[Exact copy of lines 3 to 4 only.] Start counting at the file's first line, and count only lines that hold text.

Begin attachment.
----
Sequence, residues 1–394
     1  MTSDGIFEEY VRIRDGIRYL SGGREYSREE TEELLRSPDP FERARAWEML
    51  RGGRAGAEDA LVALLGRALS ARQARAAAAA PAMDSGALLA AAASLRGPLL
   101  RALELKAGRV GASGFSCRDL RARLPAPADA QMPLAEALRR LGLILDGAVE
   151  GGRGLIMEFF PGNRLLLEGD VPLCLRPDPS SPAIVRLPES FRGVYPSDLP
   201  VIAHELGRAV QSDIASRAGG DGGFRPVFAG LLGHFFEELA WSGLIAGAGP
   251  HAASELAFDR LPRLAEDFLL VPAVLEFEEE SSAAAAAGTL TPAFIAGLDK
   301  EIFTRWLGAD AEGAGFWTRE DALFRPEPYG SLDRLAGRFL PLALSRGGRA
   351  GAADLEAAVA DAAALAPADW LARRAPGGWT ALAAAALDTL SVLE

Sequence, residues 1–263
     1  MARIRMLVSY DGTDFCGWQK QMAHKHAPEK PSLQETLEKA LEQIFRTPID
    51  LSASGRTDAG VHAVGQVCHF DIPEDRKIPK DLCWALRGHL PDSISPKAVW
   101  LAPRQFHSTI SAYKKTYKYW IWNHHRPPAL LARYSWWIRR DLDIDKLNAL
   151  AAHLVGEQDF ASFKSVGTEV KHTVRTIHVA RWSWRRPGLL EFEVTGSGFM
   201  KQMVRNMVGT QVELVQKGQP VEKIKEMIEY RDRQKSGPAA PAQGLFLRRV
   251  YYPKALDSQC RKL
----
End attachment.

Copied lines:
    51  RGGRAGAEDA LVALLGRALS ARQARAAAAA PAMDSGALLA AAASLRGPLL
   101  RALELKAGRV GASGFSCRDL RARLPAPADA QMPLAEALRR LGLILDGAVE